Just before Christmas I was talking with a CMO who’s hospital had recently been remodeled and his office was relocating next to the medical staff office and physicians’ lounge. This was done in part so that he could be in closer proximity to the physicians and the office of medical staff affairs. The CMO welcomed this opportunity and was looking forward to establishing an open door policy where physicians would be free to drop in and express their concerns. Jokingly, I responded that it may or may not improve hospital/ physician relations, but at least it had the advantage of being nearer to the food in the physicians’ lounge, and that he would probably gain 15 pounds over the next six months.
There is no doubt that the location of one’s office to some degree shapes the daily agenda. In this CMO’s situation, he will now have greater geographic proximity to the physicians. This new move creates the opportunity to get a better pulse on the medical staff and be more aware of the daily happenings with the physicians around the hospital. As a side bar, he may now have to more aggressively manage his schedule as he will now be much more at risk of “impromptu” meetings with physicians randomly showing up at his door on their way to the lounge. He might find himself being too available for the random drop in. Manageable, but all good, I suppose.
But this calls to question a larger issue. True, a huge value that the CMO brings to the organization is the ability to improve and enhance relationships with the physicians. This is not new. It is reminiscent of the old role of the VPMA of the hospital, whose job was simply to hang around the physician’s lounge and make sure that all of the doctors were happy. Location can shape the daily agenda, but might it also adversely effect other aspects of the position?
The role of the Chief Medical Officer has greatly expanded in the last few years. In addition to being a hospital liaison with the medical staff, the role has now evolved into one of vision, strategy and the overall improvement of community health. The CMO is the senior medical resource for the organization and should rightly be with the hospital senior executive team as an invaluable asset to that team. Could the geographic distance jeopardize the new role?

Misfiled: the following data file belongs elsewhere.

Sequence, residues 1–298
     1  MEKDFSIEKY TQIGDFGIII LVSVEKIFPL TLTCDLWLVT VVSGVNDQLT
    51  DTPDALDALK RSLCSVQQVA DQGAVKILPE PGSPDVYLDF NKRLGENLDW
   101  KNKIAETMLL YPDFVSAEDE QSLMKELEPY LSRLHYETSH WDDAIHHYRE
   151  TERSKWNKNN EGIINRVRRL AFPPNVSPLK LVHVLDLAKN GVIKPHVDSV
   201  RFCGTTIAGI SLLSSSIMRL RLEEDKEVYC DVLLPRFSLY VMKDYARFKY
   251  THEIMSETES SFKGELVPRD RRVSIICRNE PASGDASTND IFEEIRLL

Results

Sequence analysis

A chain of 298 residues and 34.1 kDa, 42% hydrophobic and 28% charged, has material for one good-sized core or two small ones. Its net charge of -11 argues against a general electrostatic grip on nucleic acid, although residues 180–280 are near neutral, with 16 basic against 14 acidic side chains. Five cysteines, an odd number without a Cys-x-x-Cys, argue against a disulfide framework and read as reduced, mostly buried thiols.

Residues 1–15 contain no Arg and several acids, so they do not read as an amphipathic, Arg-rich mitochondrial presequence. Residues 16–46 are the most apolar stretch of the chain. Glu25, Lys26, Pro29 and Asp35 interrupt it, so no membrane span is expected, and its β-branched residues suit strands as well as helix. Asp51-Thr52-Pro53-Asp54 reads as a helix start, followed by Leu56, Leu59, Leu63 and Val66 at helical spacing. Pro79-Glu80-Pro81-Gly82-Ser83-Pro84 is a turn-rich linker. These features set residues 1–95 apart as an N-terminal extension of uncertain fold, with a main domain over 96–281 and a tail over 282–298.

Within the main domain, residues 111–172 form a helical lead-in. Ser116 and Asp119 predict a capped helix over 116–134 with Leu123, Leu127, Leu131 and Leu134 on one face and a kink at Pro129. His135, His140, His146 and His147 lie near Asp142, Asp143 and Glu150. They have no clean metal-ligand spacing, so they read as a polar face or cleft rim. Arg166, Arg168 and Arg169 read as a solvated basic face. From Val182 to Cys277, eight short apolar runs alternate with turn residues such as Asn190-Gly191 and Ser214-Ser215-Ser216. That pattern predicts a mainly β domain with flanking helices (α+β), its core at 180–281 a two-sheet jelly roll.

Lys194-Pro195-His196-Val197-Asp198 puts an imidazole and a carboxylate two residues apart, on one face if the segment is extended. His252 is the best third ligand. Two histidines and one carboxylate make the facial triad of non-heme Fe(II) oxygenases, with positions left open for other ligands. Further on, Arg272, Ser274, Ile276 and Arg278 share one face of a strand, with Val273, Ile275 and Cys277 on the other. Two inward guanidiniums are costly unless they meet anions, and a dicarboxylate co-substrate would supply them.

At one point in my career my office was located adjacent to the medical staff office. Later, as a result of expansion project I was moved to be with the rest of the senior management…. into the newly created C-Suite. In some ways, I missed the relative quiet of the other side of the hospital; I certainly missed the food, and definitely missed the regular interactions with the physicians. Now, instead of an impromptu visit by a physician, I had impromptu visits by the CEO and other senior managers. It did change my daily schedule. But more importantly, it changed the focus of my job. It made me a regular participant in the day to day operations of the health system. And by the way, my visits with the physicians did not decrease. They simply met me in my new office, and more often by way of a scheduled appointment.
When I became the System CMO, my office moved to the corporate suite. This was a bigger change, as now I was not even physically in a hospital. True, I was much more involved in more global administrative issues, but I felt more disconnected from the physicians. I now was a total administrator. For years I was used to rounding around the hospital; now people thought I might be OCD because I was walking around the C-suite. Maybe I just missed the immediate availability of the food. But once again I was completely engaged with the System senior management team.
Location. Location. Location.
I don’t want to make this into more than it is. Location certainly is not everything. I am not saying that the CMO’s office should always be located in the C-Suite, although in the majority of hospitals that I visit, the CMO office does reside there. Nor am I saying that positioning the office of the CMO away from the C-Suite and near the medical staff office will decrease the overall effectiveness of the CMO. But it does make me wonder in a case such as this in this CMO’s situation, in an effort to improve one aspect of the job, could this move possibly detract from other important and strategic responsibilities that the Chief Medical Officer must accomplish? Could the CMO be less visible and possibly less influential with the rest of the senior management team? Could this ultimately diminish the overall performance of the senior management team and the organization as a whole? Might this diminish the value of the CMO to the organization?
These are just questions to ponder. Proximity definitely has its privileges.
By the way, when was the last time you saw the Chief Financial Officer’s office located in the accounting department?
Just something to think about.